To avoid financial penalties, small business owners in Canada need to be aware of how to properly file taxes. Below are some of the most common tax questions that small business owners ask our accountants.
1. Will the structure of my business affect the way I file taxes?
Yes, how you file taxes will be influenced by your business’ legal structure
- A sole proprietor will file their personal and business taxes on one return
- An incorporated business will require separate management of business and personal income and therefore both a corporate and personal tax return
2. Why do I need a business number?
- To establish payroll for your employees
- To register for harmonized sales tax (HST) or goods and services tax (GST)
- To import or export
- To file a corporate tax return
3. Do I need to register for a GST/HST number?
- You have to register if you provide taxable property and services in Canada in the course of your commercial activity and you no longer qualify as a small supplier.
- Regardless of your income, a GST number will enable you to claim input tax credits
4. How much of my income will go to taxes?
In Canada, small unincorporated business owners are subject to personal marginal tax rates on their net income. The maximum personal tax rate for 2014 is 49.41% in Ontario. Small incorporated businesses are subject to tax in Ontario at the rate of 15.5% on the first $500,000 of taxable income.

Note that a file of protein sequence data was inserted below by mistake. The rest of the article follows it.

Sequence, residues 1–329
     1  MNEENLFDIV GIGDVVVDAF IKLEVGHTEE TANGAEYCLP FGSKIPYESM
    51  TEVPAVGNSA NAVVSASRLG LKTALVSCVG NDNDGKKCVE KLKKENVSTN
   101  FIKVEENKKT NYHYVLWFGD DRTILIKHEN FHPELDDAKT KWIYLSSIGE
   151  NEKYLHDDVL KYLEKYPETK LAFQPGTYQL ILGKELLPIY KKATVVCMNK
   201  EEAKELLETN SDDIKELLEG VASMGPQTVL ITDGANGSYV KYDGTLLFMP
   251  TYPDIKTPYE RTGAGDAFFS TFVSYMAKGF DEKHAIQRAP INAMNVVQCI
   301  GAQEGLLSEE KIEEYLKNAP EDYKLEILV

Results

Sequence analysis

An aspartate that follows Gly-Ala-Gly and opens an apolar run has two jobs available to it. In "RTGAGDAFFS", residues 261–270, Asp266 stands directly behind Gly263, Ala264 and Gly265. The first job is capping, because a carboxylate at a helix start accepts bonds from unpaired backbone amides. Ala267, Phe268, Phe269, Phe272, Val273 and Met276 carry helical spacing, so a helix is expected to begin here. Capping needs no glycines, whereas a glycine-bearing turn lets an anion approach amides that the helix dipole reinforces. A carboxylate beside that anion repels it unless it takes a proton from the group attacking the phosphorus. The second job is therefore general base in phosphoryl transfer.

- Be sure to account for these rates during financial planning
- If you can’t pay the amount owed on your Notice of Assessment, contact a CRA tax service office to arrange a mutually satisfactory payment schedule
5. Will I have to pay into the Canada Pension Plan (CPP)?
Once your unincorporated business generates more than $3,500, you will need to pay double the amount into the CPP as you would have as an employee
- At tax time, you may deduct and claim a credit for the additional amount you are required to pay as an employer (over and above the amount of an employee)
6. If I work from home, can I expense my mortgage?
If you conduct the majority of your business from home (e.g. meeting clients) you may expense a portion of your mortgage (interest only)
- The amount that you may expense will depend upon how much square footage your designated work space takes up within your home
7. How should I claim business mileage?
- You must record the exact distances that you travel for business by maintaining a log
- Do not attempt to use “flat rates”
- If you rely on generalities without justification, your claim may be denied
8. Do I need receipts to file taxes?
Yes, keep a thorough paper trail in case you need to justify your expenditures to Revenue Canada (CRA)
- Remember your receipts are no good unless they show that your expenses directly contributed to generating income for your business
9. What if I disagree with my CRA notice?
You may file an objection
- The objection must be returned to the CRA within 90 days from when they issued your Notice of Reassessment
- You must provide detailed reasons as to why you object to CRA findings
- If CRA denies your objection and you wish to appeal their decision, you may submit your case to the Tax Court of Canada
10. What happens when my business has losses?
Losses of your unincorporated business offsets your other income
- If these losses exceed the income you have generated elsewhere, you may carry these losses back three years and forward twenty years
Successfully filing taxes for your small business is a complex process to “solve” in ten simple questions. If you want an in-depth understanding regarding your tax situation, contact our accounting firm in Toronto, Ontario.